How to Get a 36 on the ACT Science Section

Although I took 8 or 9 APs in high school, Science just didn’t interest me. I got a ‘B’ in freshman Biology in part because I dreaded Bio lab and never invested in the class. Fast forward about a decade. I’m sitting in North Atlanta high school (now nearly 30 years old) racing through the ACT Science section hoping to obtain the coveted 36.

Did I understand all the passages? No. Have I taken a Science class in the last 10 years? If you read the above paragraph, you know the answer: no! Let me tell you how I crushed ACT Science, had 2 minutes to spare, and landed a 36 on Science.

You may not believe this, but I didn’t even read the passages word-for-word. I went to the questions first, and let them teach me where to focus my attention. I didn’t even intentionally glance at the various graphs before looking at the questions. I use this technique because ACT Science is a high pressure sprint. There is no time to look out the window and enjoy the view. By allowing the questions to direct me through the test, I save time, maintain accuracy, and solve the problems with peak efficiency.

Let me provide a few more details on my technique. I read the question quickly, but carefully. Where relationships existed, I scribbled arrows and letters to anchor the pattern into my mind. That way, I don’t need to read the question multiple times. When a question referenced a specific graph or a specific experiment, I used my left hand to point to the reference while I finished reading the question. This gave me a simple visual cue to direct my visual attention.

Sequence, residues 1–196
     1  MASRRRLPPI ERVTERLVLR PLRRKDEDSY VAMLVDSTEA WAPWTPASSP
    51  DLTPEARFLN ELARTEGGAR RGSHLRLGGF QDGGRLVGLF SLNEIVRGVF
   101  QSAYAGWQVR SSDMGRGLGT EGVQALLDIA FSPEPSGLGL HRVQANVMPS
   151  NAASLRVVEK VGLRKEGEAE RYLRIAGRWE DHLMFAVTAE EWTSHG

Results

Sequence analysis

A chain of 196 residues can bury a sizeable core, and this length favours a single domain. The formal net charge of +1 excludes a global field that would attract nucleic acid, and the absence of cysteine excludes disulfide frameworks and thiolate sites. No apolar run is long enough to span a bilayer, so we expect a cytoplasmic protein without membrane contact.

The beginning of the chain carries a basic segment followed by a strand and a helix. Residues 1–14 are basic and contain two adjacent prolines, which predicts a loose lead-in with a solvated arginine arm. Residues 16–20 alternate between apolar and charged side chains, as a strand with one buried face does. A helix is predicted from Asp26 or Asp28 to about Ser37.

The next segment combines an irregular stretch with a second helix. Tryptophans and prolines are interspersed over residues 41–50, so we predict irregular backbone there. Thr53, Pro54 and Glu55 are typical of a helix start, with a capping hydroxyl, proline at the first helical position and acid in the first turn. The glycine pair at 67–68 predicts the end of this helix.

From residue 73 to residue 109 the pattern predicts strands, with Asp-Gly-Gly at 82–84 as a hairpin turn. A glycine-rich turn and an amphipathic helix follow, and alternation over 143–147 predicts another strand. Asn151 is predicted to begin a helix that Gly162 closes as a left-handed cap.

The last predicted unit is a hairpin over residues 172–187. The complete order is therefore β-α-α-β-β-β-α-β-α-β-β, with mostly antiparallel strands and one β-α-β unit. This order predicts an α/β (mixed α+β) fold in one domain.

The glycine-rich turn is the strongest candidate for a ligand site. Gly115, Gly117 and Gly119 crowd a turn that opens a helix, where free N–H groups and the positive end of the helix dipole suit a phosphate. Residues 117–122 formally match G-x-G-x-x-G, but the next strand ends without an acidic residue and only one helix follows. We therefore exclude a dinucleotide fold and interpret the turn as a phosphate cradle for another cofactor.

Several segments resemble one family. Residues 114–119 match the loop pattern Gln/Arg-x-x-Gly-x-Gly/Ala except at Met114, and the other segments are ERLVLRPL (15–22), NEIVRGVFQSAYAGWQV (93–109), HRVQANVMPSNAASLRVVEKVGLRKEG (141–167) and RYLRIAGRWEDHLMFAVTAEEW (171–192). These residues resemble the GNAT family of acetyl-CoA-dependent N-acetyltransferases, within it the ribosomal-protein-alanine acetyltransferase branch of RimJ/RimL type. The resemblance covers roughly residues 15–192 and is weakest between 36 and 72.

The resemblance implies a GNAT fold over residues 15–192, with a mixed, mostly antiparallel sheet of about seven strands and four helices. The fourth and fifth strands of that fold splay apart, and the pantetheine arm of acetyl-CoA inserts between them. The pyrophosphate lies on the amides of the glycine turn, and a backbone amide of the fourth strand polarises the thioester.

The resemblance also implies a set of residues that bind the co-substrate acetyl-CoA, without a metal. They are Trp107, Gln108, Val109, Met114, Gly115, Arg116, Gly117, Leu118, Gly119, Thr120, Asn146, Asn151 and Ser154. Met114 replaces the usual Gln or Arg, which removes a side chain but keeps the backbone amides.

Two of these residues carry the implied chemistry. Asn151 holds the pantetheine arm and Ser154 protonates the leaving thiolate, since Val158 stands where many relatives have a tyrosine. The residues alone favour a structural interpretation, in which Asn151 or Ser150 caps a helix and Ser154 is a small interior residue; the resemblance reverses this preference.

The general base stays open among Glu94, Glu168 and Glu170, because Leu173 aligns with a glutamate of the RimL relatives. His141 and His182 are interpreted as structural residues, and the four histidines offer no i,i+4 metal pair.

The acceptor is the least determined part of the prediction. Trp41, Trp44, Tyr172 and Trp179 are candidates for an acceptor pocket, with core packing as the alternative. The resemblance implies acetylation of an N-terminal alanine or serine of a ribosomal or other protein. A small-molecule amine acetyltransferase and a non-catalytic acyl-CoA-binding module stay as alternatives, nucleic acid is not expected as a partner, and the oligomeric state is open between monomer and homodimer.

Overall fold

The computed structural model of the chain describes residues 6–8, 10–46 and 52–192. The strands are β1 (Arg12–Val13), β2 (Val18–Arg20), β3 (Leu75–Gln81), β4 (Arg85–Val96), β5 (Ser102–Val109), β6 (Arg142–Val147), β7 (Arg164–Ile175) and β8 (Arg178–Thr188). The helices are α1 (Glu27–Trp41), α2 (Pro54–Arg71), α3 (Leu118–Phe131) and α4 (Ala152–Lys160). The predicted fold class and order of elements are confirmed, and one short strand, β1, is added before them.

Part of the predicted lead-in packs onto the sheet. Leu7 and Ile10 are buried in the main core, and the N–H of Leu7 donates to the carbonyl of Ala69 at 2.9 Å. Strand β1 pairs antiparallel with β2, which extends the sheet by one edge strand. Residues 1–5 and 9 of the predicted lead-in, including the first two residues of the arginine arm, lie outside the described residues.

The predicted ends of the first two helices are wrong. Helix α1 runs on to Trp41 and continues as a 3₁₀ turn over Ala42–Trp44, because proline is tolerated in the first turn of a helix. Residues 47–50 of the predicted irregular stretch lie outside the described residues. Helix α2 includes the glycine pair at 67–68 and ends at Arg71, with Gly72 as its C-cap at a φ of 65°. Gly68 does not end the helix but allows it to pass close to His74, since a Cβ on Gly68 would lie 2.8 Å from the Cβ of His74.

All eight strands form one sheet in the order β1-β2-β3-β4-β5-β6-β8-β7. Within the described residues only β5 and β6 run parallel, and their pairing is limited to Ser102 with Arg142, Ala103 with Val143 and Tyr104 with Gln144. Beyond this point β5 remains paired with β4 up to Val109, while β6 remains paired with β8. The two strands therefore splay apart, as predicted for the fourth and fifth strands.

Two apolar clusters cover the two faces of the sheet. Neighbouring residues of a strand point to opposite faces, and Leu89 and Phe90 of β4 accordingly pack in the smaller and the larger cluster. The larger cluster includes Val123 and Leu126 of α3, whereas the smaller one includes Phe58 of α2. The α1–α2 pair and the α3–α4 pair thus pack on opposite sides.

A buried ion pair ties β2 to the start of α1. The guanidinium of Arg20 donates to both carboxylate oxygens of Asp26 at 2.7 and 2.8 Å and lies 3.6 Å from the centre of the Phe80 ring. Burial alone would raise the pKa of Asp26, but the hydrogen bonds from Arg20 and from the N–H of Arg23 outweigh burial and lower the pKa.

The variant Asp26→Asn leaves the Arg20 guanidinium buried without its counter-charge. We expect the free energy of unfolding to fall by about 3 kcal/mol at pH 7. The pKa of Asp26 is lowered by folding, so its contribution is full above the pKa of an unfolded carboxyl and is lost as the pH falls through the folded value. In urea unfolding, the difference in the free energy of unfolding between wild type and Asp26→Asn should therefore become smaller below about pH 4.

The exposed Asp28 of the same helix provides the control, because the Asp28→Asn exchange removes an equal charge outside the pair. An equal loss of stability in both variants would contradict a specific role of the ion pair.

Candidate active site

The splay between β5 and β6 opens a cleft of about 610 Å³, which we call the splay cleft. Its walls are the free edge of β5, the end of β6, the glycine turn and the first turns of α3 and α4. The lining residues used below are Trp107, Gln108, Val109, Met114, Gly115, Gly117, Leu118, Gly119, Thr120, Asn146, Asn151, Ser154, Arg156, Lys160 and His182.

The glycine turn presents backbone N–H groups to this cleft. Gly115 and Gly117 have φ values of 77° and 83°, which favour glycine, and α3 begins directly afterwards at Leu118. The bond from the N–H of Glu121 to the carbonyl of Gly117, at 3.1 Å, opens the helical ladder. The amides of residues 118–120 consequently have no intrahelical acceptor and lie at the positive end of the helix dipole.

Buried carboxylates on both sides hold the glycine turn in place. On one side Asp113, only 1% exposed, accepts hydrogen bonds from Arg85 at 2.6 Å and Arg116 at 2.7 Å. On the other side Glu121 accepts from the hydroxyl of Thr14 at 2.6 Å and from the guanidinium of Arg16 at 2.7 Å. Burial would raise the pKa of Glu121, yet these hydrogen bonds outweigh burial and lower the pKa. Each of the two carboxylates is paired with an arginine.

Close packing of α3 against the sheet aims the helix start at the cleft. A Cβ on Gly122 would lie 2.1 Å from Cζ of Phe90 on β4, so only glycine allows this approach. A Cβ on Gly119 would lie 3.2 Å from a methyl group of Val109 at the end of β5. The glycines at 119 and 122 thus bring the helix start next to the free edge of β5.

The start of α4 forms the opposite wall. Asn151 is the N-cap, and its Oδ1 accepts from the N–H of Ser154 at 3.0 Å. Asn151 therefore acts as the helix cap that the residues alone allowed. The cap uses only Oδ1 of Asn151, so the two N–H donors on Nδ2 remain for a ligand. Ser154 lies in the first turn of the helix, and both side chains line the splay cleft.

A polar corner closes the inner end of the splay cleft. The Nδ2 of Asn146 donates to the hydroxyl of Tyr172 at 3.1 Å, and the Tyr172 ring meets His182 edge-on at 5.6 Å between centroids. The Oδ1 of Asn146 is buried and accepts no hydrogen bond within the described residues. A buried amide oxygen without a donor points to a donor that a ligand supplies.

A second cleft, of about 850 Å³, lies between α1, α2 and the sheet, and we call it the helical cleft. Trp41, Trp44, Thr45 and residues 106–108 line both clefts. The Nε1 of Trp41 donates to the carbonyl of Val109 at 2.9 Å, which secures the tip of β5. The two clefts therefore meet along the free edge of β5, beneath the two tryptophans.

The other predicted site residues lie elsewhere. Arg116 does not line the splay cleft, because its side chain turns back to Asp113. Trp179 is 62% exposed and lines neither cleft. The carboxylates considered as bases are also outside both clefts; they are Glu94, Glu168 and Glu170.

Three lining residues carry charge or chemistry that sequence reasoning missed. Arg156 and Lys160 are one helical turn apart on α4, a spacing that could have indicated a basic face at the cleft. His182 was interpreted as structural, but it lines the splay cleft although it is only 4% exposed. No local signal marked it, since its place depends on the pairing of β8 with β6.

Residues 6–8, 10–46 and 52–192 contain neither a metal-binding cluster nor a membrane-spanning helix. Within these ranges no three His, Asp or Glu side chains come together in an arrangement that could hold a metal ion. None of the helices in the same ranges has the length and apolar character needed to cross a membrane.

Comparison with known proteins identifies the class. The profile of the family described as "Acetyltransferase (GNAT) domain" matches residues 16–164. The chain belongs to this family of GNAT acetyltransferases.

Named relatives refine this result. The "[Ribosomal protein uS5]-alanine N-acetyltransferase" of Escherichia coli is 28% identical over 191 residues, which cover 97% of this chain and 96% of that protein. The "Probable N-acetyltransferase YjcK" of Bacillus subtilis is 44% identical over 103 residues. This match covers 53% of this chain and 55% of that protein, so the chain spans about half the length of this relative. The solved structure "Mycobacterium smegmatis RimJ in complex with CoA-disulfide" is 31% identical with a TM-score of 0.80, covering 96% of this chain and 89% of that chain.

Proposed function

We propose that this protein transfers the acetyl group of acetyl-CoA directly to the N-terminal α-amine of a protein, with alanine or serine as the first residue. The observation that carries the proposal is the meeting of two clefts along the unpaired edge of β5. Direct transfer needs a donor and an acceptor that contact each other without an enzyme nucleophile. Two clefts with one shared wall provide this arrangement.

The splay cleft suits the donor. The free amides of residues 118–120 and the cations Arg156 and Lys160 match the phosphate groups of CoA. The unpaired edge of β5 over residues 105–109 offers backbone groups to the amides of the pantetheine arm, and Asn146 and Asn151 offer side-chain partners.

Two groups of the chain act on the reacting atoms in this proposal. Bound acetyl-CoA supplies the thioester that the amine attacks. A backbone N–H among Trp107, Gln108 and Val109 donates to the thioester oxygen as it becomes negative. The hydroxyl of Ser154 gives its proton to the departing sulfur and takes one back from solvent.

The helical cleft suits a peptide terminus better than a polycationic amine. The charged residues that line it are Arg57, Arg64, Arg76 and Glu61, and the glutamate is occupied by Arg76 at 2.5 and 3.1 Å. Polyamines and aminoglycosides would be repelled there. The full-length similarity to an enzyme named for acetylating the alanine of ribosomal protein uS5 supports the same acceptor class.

When referring back to the tables, graphs, and diagrams, I made many assumptions about what I was looking at. For example, I assume that there is a very visible, ascertainable pattern that exists in the data. If two lines intersect on a graph, their point of intersection will likely be a question. If one bar on a bar graph looks significantly different on the graph, there may be a question on it. If I see a pattern, I imagine what it would look like to extend the pattern. I do all this because I believe the test writers favor questions like these.

Another strategy I used, which I wouldn’t recommend to every student, was to leave the reading based Science passage to the end. The 7 ACT Science passages aren’t always in the same order, but one always has 7 questions and is heavily reading based. By leaving that passage to the end, I avoided an important risk: getting lost in the weeds on the reading passage and leaving points on the table by running out of time on the other passages. Fortunately, I hit very few speed bumps on the other Science passages as was able to run through the reading based Science passage without feeling the pressure to sprint.

While taking the test, I remember students telling me that ACT Science on the real test feels harder than the Science on the mock tests. In light of that, I pushed myself to work at a quicker pace than I usually do. I had taken the two practice tests in Get Your ACT Together: the Applerouth Guide to the ACT and feel those two tests were harder than “The Real Guide to the ACT”. The difficulty of the tests in the Applerouth book helped me feel very comfortable on the real ACT.

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